Who wants to be a director?
To be on the board of a company has its attractions, but it also carries a wide range of legal responsibilities, says Christopher Burgon.
Whether you are at the apex of a multi-national corporation, or in a small start-up company, you are equally subject to the law relating to directors.
The benefits and attractions of holding a directorship are obvious. You are at the top of an organisation and part of the decision-making process. You are able to see the big picture and exercise real control and can instigate changes. This can be rewarding both personally and potentially financially, but directors also have responsibilities as well as privileges.
The first is to the company itself. Under the Companies Act 2006, a director has a duty to promote the success of the company and to exercise reasonable care, skill and diligence, while avoiding conflicts of interest and external influence.
These duties are owed to the company and are only enforceable by the company. Instances of a board of directors voting to bring an action against itself are not common, though actions by a new board of directors on behalf of the company against ex-directors are much more frequent. The removal from office of a director requires an ordinary resolution; usually 50% of shareholders.
Even if your co-directors and a majority of the shareholders are satisfied, you could still face an action from any other shareholder on behalf of the company. Any shareholder can bring an action, subject to court approval, against a director for negligence, default, breach of duty or breach of trust. Such an action can predate that shareholder’s membership and can be brought even after a director has retired.
What if the company goes into liquidation and ceases to trade? The Insolvency Act 1986 gives powers to the liquidator/administrator to bring any action against the directors on behalf of the company as if it were still trading. The liquidator/administrator also has wide powers to investigate all of the company’s transactions, going back in some cases to two years before the insolvency, as their primary responsibility is to maximise returns for a company’s creditors. Directors will be asked to personally contribute to assets to be distributed to the creditors, if they have carried on trading when they knew or should have known that the company was insolvent.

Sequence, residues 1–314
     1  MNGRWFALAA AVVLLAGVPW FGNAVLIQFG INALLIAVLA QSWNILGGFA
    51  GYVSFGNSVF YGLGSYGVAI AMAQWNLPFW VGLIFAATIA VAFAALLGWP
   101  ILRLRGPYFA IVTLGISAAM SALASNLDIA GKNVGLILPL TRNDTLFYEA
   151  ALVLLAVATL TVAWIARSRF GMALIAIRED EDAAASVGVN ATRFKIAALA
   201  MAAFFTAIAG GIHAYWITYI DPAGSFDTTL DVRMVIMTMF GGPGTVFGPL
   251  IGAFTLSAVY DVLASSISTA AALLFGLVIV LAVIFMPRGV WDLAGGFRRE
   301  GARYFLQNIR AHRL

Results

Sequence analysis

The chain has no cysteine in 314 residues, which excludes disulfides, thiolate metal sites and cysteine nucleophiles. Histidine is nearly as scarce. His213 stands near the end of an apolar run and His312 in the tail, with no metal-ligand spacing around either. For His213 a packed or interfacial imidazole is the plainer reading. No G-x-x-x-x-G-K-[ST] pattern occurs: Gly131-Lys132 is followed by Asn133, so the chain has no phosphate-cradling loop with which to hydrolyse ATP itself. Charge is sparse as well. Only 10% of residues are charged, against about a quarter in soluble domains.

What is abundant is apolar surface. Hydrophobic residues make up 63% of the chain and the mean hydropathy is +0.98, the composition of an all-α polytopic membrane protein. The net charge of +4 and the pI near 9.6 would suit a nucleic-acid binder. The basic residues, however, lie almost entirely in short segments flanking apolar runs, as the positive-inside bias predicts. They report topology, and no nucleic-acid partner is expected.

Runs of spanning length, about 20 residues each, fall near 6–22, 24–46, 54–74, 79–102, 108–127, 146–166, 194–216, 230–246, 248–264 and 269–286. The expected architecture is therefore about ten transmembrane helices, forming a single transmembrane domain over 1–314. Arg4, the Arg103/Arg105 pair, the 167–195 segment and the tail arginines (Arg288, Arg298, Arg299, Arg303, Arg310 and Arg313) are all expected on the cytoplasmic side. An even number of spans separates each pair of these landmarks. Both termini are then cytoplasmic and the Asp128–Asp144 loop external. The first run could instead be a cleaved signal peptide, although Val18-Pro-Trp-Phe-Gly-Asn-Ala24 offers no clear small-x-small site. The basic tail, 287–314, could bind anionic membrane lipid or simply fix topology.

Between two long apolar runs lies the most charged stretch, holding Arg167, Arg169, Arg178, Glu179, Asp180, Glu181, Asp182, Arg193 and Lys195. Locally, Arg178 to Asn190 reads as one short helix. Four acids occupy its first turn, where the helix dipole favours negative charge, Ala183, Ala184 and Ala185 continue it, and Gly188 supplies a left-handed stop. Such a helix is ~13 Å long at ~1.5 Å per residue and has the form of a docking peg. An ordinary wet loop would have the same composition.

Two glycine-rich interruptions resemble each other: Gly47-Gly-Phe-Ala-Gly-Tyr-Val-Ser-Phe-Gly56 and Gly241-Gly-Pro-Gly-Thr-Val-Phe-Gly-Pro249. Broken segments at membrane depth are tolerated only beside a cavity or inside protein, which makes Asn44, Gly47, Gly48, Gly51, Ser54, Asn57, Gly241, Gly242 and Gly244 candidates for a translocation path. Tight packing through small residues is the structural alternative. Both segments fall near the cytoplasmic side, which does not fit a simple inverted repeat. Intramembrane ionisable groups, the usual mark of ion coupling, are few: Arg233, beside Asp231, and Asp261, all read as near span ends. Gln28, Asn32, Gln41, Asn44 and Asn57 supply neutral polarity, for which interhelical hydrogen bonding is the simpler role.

There are further hazards a director needs to avoid and obligations with which they need to comply. For example, while a company is a separate legal entity, criminal liability can attach to directors in various circumstances if they are found to have acted “neglectfully” or have “connived” at the offending behavior.
Directors may also find themselves investigated and either prosecuted or fined over acts or omissions. Authorities such as the Companies Investigation Branch (CIB) of the Department for Business have wide investigatory powers that they are not afraid to use.
Other statutory duties are also imposed on directors under legislation as diverse as the Financial Services and Markets Act 2000, the Health and Safety at Work Act 1974, the Environmental Protection Act 1999 and the Insolvency Act 1986. Needless to say, directors can be prosecuted in their own right for criminal offences such as bribery, fraud, insider dealing and price fixing.
While the Corporate Manslaughter and Corporate Homicide Act of 2007 applies to companies and not directors personally, directors can be found personally liable if their gross negligence causes death under a common law offence.
Clearly, then, a directorship has many responsibilities, but with care, diligence, common sense and a certain amount of business acumen there is no reason why any director should fall foul of the law.
Christopher Burgon is a litigation consultant at Saunders Law